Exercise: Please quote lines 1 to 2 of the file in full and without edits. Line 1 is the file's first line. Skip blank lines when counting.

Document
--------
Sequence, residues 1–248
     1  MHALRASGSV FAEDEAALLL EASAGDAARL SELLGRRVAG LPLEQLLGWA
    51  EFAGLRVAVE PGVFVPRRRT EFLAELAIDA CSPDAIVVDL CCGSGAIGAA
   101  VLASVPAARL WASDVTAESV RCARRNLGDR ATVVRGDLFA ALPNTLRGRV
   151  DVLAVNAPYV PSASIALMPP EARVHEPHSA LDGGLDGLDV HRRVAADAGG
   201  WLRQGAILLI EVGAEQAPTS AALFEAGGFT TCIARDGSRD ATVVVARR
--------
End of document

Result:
Sequence, residues 1–248
     1  MHALRASGSV FAEDEAALLL EASAGDAARL SELLGRRVAG LPLEQLLGWA